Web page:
Month: July 2010

Won’t anyone think of the children

Have you ever wondered why no one argues for a higher speed limit on the roads? Or why Australia’s government is trying desperately to censor the entire Internet? And what is the link between these two items? Is there government manipulation behind this? Well, read on to find out! Watoc arguments Since ancient times, politicians, condo boards, PTA meetings and others have found that it is remarkably easy to argue against a visible evil. If you want to score points in an assembly of people, one of the easiest way to do so is to pick something that everyone agrees is wrong / evil / annoying, and argue against it. But this only works if the evil is inherently indefensible – if someone can argue in favor of it, the technique fails. Issues such as crime, child porn, highway accidents are perennial favorites. After all, who is going to step up and defend crime, or suggest that we need more highway accidents? I call this manipulation technique “WATOC”: Won’t Anyone Think Of the Children? because it is often invoked as a protection of the widows and children. It’s important to note that war, religion, and similar topics are NOT good choices for WATOC attacks – too many people would argue that a war is necessary, for example, to make a war protest ‘easy points’. But since we can all...

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Can I change your mind about that?

Ok, let’s take a break from corporate manipulation for a second and go back to first principles… One question I get a fair bit of email about is why manipulation works in the first place. Not corporate manipulations, mind you, which is relatively easy to explain (a lot of people putting a lot of time into figuring out how to subtly influence small, individually inconsequential choices) but larger-scale political manipulations. How did a playboy playmate convince a significant portion of the population that vaccines cause autism? Why do so many people believe in 9/11 conspiracies? Why do some people still believe that there WMDs in Iraq (the subject of a full future blog, this one)? Do you know where the phrase “sour grapes” comes from? Aesop, the Greek fable writer, wrote many of our most well known fables (the tortoise and the hare, anyone?) and one of his fables dealt with a fox that couldn’t reach some grapes. Eventually, the fox convinced himself that the grapes would be sour anyhow, and walked away. Aesop concludes with “People who speak poorly of things that they cannot attain would do well to reflect on this.” Delicious, sour grapes Translation: if we can’t have something, we tend to disparage it. This is one example of cognitive dissonance, which is a well-studied theory of how people learn and form opinions. It turns out...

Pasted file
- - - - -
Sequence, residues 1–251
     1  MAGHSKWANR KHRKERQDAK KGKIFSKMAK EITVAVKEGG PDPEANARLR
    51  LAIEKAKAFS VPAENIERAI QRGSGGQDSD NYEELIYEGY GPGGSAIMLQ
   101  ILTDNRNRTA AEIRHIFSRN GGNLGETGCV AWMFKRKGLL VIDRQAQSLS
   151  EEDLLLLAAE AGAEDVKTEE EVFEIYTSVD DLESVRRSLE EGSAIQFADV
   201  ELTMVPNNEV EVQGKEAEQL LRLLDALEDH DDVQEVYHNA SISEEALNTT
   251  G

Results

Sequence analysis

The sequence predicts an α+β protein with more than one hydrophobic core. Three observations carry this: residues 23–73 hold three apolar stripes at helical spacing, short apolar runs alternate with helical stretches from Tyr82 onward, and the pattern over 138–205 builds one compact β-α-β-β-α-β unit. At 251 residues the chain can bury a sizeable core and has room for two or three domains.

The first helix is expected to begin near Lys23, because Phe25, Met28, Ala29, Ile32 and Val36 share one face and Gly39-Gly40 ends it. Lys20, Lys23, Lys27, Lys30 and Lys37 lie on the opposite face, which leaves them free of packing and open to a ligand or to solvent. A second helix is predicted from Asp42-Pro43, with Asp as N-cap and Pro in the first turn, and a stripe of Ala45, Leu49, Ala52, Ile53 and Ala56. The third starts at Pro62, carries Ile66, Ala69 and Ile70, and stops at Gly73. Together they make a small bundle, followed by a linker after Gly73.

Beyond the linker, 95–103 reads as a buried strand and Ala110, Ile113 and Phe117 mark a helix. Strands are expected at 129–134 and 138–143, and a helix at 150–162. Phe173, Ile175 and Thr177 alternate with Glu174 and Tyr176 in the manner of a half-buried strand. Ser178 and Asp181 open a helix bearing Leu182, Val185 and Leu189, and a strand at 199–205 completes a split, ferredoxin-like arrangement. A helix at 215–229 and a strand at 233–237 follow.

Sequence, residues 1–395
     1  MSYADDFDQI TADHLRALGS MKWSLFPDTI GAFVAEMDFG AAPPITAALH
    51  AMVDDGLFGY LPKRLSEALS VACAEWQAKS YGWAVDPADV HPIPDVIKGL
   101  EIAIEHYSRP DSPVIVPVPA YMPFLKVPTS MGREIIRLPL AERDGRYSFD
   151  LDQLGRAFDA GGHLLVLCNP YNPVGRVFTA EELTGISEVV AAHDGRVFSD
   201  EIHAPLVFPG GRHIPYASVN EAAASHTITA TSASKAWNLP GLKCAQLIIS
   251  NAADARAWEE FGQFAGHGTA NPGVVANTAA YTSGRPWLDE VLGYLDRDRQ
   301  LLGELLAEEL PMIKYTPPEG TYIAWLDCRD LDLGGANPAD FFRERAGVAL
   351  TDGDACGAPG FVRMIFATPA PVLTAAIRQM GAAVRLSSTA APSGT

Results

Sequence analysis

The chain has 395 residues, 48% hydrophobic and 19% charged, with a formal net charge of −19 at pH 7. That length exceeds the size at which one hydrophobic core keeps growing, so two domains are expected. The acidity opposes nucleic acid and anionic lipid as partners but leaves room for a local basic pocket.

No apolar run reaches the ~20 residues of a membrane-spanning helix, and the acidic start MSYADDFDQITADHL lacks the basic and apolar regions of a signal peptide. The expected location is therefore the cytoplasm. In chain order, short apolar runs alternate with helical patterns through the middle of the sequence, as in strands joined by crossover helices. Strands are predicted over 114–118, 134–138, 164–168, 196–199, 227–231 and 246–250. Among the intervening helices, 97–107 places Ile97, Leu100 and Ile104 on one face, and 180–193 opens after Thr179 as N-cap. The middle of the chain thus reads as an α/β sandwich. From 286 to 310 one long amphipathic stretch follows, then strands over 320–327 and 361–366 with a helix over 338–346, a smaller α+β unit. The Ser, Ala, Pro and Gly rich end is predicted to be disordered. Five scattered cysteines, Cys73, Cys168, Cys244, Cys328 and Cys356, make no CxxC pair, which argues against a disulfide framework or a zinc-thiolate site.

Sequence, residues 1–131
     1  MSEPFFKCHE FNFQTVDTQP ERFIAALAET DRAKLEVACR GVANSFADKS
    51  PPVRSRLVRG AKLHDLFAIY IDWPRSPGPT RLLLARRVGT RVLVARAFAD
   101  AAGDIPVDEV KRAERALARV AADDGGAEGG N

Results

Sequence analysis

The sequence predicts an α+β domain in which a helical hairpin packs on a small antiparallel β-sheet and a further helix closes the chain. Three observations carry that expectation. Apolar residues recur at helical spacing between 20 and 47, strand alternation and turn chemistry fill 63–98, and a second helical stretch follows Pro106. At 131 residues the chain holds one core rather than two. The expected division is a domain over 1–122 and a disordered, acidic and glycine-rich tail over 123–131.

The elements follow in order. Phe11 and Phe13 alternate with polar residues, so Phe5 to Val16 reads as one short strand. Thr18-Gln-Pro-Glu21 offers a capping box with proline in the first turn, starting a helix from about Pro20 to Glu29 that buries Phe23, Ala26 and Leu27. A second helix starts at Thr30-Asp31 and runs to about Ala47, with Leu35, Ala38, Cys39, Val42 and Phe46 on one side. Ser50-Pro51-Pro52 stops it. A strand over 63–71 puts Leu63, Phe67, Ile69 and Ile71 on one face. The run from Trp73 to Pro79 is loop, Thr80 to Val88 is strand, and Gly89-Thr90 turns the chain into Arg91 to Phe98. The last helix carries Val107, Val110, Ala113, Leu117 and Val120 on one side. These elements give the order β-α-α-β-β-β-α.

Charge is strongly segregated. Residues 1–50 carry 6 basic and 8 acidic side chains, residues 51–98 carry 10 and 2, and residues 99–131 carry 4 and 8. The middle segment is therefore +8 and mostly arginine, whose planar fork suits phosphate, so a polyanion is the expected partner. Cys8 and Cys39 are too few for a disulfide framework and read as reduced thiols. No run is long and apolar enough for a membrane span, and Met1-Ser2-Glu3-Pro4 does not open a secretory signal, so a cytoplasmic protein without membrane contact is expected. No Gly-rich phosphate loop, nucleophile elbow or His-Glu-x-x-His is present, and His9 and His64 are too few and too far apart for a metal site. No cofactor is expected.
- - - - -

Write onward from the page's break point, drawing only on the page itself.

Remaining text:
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What you see…

So I wanted to buy a television a few days ago… with the World Cup in full swing, I figured it was time to upgrade. The whole experience of buying a television, though, turned out to be quite informative (partly because I went with an engineer friend who designs displays for a living) and I figured I’d share some of the experience… Needed an upgrade. The thing about televisions is that, while they appear simple, they are a relatively technical large – ticket item, and so you would expect that manufacturers and retailers would educate customers and be up front about their products and try hard to steer consumers towards the best purchase for their needs. I am kidding, of course. You would expect them to lie and manipulate and twist the truth to breaking point in the hope of selling a few more units, and that’s exactly what they do. Consider an average consumer: he walks into a Best Buy (or another retailer, but Best Buy is an easy target for me), and starts to browse televisions. Most consumers have strong opinions about the size of the television they want, but typically they know almost nothing else about the set itself. The first trick that retailers use is to increase the brightness and the contrast on the television sets they are trying to move. A bright television will...

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